When Ross was boss

Heavy metal: The Ross Mt. Rainier.

BRAIN honcho Steve Frothingham takes us on a spin down Memory Lane with a look at Ross Bicycles, then and now.

I saw my first Ross mountain bike in the mid-1980s. My man Hal Walter had one, a blue Mt. Rainier acquired from Great Divide in Pueblo, and what a beast it was. A steel burro that never needed hay.

“That was a great bike,” Hal said today via Messages. “It was almost heavy enough to get a workout.”

Oh, indeed. Ishiwata 4130 chromoly tubes, 48/39/28 Sakai crank, Suntour derailleurs, 14-34 freewheel, Dia-Compe cantis, and chromoly Bull Nose bar and stem, a heavy-metal package that tipped the scale at 31 pounds.

It encouraged me to get my own mountain bike, a 1986 Trek Antelope 830, a comparative featherweight at just 28.9 pounds. Light enough for me to throw it into an arroyo on some BLM land outside Española when it failed to climb a loose, steep pitch after several tries. Only as the bike was leaving my fingers did I recall that I would need it to get home.

Of course, this was when men were men, and so were the women, and we all rode rigid steel, with thumbshifters, rim brakes and 26-inch wheels. I will concede, however, that today’s machinery is a whole lot easier to throw when it lets you down. Which it will.

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12 Responses to “When Ross was boss”

  1. SteveP Says:

    So the rear fender is just for show?

  2. canamsteve Says:

    So the rear fender is just for show?

  3. Patrick O'Grady Says:

    Aye … just for showin’ how ye can get mud up yeer bum.

  4. larryatcycleitalia Says:

    Wow, that’s a mess! A jar of scorpions with dull stingers fighting it out over a name only old-farts (like us) even remember. And of course Kim Il Sinyard’s product gets mentioned in the piece as well. When did the bike biz become so full of a-holes? More likely I guess it’s just the a-holes who make the news?

    • Hurben Says:

      I am reminded of this wonderful quote regarding the South African government.

      “Our flag should permanently fly upside down — the international sign of distress.
      We are a country in deep distress — politically moribund, morally bankrupt, spiritually spent, economically antiquated and dissolute, creatively quixotic
      and culturally as cohesive as a pit full of ADD mongooses and cobras on steroids”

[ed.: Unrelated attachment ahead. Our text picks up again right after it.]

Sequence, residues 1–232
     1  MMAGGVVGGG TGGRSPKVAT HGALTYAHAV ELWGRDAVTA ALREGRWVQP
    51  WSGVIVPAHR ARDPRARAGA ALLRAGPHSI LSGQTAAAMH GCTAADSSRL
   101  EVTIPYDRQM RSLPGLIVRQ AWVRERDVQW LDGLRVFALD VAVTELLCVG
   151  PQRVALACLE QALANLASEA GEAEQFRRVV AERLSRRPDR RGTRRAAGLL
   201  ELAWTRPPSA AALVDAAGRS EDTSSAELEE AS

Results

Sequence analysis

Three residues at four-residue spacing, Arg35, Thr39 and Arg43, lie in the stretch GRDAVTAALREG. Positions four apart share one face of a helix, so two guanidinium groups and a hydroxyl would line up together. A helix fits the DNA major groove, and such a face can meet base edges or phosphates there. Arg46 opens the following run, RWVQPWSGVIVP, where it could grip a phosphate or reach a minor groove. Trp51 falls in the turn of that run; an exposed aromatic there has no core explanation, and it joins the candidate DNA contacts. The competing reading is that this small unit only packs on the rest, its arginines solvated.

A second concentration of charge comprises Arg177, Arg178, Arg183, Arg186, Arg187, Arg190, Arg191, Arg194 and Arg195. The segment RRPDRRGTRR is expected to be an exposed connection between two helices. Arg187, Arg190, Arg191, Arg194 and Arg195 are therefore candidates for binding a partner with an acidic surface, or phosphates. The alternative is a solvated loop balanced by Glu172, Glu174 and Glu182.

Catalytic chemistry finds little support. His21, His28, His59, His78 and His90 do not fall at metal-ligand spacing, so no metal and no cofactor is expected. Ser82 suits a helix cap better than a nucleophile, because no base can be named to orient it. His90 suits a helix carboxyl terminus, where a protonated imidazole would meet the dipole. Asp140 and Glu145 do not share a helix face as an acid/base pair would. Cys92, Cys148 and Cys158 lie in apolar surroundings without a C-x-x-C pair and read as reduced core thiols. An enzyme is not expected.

• larryatcycleitalia Says:

        One could say that about the US of A as well…and a few other countries I could think of…the UK perhaps?

  5. Pat O’Brien Says:

    A bike brand named WAR that donates part of the profits to wounded veterans and run by a guy who served timed for running a Ponzi scheme. No thanks.

  6. Herb from Michigan Says:

    I was a Ross dealer back in the 80’s and there is no doubt they could today have been the top brand. Specialized can crow all they want but while they were diddling with the Stumpjumper, Ross was selling the hell out of Bear Valleys etc. Had #1 son not come on board to run Ross into the ground, you’d be drooling over their latest bikes today. They had the A-team of reps and some of the largest bike shops.
    I ponied up for a Signature series touring bike supposedly built by Tom Kellogg. She was a beauty with DD crank/pedals no less. But the frame was so whippy the chain could not fail to rub the front derailleur no matter what we tried. Load any weight on the rear rack and you’d start doing a rhumba dance down the road.

    • Patrick O'Grady Says:

      It’s a hell of a story, for sure. I’m not sure why anyone who was safely out of La Velo Nostra would want to get pulled back in. A jar of scorpions with dull stingers, as Lorenzo notes above.

      That said, Hal’s Mr. Rainier set me upon the path less taken. It was too big for him. and weighed as much as my 1983 Toyota long-bed, and I eventually went with a Trek instead of a Ross, in large part because I had a Trek road bike and liked my shop at the time, the Denver Spoke.

      But it was a Ross that pointed the way.

      Now, if they could just come up with a cargo/gravel e-bike, why, they’d have a little sumpin’-sumpin’ goin’ on, amirite?

  7. khal spencer Says:

    My Univ. of Rochester classmate and fellow nutcase/motorcyclist Tom Kellogg, who went on to a distinguished career as a bicycle designer, was connected to Ross for a while. Boy, that was a long time ago. https://www.spectrum-cycles.com/history.php

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